Today, approximately 10 months since the first U.S. personnel deployed to West Africa to fight Ebola, we mark important milestones in our response to the epidemic and chart the way ahead. In keeping with the President’s charge that we tackle Ebola as a national security priority, we built, coordinated, and led an international response—involving thousands of personnel, both U.S. and international, civilian, and military—to fight the disease at its source. All the while, we enhanced our preparedness to encounter Ebola on our shores, establishing comprehensive measures to screen and detect the disease in travelers, while strengthening our capacity to diagnose, isolate, and treat any patients safely. This response showcased American leadership at its finest on the world stage, just as we came together as a nation to fortify our domestic resilience in the face of understandable apprehension. To be sure, our tasks are far from complete; we will keep working to meet this challenge until there are zero cases in West Africa and our domestic infrastructure is fully completed. Our focus now turns to consolidating that substantial progress as America today marks the next phase of our response.

Beyond Myalgic Encephalomyelitis/Chronic Fatigue Syndrome: Redefining an Illness

February 12, 2015 Comments off

Beyond Myalgic Encephalomyelitis/Chronic Fatigue Syndrome: Redefining an Illness
Source: Institute of Medicine

Between 836,000 and 2.5 million Americans suffer from myalgic encephalomyelitis/chronic fatigue syndrome—commonly referred to as ME/ CFS. This disease is characterized by profound fatigue, cognitive dysfunction, sleep abnormalities, autonomic manifestations, pain, and other symptoms that are made worse by exertion of any sort. ME/CFS can severely impair patients’ ability to conduct their normal lives.

The Department of Health and Human Services (HHS), the National Insti­tutes of Health, the Agency for Healthcare Research and Quality, the Centers for Disease Control and Prevention, the Food and Drug Administration, and the Social Security Administration asked the Institute of Medicine (IOM) to convene an expert committee to examine the evidence base for ME/CFS. In Beyond Myal­gic Encephalomyelitis/Chronic Fatigue Syndrome: Redefining an Illness, the com­mittee proposes new diagnostic criteria that will facilitate timely diagnosis and care and enhance understanding among health care providers and the public.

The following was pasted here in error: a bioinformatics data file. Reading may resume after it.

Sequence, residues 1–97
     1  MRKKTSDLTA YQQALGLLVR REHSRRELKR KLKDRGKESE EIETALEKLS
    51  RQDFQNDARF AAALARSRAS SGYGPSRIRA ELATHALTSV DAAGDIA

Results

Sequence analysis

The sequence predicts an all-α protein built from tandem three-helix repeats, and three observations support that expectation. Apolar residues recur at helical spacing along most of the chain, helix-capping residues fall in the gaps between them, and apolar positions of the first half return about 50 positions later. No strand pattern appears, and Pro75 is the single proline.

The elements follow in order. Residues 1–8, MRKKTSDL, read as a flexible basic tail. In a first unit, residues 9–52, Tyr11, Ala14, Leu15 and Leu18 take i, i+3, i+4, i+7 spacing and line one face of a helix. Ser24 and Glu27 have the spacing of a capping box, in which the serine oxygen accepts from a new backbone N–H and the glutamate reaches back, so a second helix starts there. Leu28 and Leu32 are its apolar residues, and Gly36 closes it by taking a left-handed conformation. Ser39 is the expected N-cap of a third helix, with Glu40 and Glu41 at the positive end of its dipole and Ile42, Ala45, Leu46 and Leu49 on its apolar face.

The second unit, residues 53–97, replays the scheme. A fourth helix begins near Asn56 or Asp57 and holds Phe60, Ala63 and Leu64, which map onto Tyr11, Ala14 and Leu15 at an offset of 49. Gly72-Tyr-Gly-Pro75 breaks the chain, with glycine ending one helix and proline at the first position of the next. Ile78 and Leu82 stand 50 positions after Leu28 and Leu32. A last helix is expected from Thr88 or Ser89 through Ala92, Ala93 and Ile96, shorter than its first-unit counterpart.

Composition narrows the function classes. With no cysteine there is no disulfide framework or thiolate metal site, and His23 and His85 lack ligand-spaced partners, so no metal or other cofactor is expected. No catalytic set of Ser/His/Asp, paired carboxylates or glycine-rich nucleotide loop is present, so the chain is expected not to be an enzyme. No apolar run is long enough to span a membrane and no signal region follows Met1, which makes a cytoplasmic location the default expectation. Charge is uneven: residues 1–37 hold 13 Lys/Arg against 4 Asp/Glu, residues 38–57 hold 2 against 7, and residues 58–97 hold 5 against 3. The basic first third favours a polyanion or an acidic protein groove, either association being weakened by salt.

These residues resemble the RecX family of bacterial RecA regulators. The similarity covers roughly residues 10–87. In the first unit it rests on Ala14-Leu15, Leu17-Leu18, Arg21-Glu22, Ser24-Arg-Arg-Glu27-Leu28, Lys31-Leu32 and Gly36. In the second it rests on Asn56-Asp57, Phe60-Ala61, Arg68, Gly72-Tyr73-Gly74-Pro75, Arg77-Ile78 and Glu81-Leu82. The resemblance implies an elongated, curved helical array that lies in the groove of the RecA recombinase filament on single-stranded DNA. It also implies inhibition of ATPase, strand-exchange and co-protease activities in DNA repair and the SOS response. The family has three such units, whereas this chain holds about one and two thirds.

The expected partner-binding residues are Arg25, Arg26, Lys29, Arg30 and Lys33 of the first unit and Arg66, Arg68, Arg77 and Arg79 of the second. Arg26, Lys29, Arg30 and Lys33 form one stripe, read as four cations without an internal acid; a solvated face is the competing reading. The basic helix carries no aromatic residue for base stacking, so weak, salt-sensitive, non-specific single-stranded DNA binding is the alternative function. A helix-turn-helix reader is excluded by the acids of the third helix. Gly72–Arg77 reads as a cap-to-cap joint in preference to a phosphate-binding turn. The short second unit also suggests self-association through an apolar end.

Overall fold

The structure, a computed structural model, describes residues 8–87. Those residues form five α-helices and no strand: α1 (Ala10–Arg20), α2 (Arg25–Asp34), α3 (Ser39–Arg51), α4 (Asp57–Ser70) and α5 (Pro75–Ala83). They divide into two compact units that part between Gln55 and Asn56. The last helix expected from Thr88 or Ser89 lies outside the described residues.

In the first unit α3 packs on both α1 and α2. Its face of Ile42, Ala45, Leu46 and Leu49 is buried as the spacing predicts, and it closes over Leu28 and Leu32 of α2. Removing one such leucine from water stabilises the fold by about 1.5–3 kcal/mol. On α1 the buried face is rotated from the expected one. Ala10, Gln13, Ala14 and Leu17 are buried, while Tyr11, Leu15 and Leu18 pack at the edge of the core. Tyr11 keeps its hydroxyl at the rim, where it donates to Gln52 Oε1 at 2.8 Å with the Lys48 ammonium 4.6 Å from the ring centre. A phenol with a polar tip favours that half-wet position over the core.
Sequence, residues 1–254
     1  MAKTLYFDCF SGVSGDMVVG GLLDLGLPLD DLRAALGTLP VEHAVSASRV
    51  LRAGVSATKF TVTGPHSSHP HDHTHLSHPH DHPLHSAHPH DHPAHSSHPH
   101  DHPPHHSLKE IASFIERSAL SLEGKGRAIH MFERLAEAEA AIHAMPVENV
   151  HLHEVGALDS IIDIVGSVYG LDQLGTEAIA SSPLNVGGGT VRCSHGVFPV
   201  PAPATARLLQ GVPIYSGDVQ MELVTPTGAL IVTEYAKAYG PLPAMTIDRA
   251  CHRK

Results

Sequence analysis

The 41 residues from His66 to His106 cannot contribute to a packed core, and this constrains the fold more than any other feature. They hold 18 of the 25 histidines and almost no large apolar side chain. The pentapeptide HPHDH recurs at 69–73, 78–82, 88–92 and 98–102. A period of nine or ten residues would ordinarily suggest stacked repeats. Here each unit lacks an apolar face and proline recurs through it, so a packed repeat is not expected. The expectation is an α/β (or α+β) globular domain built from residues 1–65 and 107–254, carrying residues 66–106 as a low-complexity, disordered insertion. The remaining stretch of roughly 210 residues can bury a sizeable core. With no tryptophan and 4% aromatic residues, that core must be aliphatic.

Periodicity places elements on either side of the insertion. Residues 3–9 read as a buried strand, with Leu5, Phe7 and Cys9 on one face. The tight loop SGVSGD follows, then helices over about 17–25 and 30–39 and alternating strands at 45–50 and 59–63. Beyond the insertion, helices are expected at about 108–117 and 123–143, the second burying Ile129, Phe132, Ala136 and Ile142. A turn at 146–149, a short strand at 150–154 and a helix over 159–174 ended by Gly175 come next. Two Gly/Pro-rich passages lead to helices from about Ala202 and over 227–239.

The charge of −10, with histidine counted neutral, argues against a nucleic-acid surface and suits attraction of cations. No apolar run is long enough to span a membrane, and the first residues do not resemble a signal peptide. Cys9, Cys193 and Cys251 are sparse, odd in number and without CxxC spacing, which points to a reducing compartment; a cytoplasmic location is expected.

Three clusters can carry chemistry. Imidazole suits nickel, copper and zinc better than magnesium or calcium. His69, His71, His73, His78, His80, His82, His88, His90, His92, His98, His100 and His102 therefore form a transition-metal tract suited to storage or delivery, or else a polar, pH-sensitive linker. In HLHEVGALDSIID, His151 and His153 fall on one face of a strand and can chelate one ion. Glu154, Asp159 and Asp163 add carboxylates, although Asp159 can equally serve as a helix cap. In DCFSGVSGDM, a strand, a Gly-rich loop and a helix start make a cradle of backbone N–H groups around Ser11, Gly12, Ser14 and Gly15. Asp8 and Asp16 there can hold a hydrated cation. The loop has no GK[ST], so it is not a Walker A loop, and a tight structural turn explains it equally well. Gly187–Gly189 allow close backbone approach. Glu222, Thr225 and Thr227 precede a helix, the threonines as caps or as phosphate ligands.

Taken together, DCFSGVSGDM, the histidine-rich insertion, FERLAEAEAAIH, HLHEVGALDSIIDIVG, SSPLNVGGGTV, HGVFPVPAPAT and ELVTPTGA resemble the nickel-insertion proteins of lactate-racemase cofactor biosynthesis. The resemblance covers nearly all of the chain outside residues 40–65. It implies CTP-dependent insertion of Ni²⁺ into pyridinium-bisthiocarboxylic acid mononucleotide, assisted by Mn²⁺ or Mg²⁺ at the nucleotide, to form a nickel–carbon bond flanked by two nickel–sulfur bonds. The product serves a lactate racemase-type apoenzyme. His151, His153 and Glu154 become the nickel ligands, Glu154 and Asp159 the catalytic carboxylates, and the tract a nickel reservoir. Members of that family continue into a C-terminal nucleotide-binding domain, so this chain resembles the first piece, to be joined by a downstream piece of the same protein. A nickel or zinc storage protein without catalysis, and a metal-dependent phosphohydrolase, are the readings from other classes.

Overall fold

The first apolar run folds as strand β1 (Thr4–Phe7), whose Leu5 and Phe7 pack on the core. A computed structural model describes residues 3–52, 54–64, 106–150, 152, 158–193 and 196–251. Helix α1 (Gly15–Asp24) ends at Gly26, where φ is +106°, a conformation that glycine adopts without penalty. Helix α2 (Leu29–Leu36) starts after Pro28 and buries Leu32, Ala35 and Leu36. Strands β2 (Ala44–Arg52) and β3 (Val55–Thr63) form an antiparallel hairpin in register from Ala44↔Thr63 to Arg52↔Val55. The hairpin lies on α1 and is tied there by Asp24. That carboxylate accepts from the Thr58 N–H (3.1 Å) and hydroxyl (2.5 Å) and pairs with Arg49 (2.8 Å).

A Clinical Index to Predict Progression from Mild Cognitive Impairment to Dementia Due to Alzheimer’s Disease

February 10, 2015 Comments off

A Clinical Index to Predict Progression from Mild Cognitive Impairment to Dementia Due to Alzheimer’s Disease
Source: PLoS ONE

Background
Mild cognitive impairment is often a precursor to dementia due to Alzheimer’s disease, but many patients with mild cognitive impairment never develop dementia. New diagnostic criteria may lead to more patients receiving a diagnosis of mild cognitive impairment.

Objective
To develop a prediction index for the 3-year risk of progression from mild cognitive impairment to dementia relying only on information that can be readily obtained in most clinical settings.

Design and Participants
382 participants diagnosed with amnestic mild cognitive impairment enrolled in the Alzheimer’s Disease Neuroimaging Initiative (ADNI), a multi-site, longitudinal, observational study.

Main Predictors Measures
Demographics, comorbid conditions, caregiver report of participant symptoms and function, and participant performance on individual items from basic neuropsychological scales.

Main Outcome Measure
Progression to probable Alzheimer’s disease.

Categories: dementia, PLoS ONE, science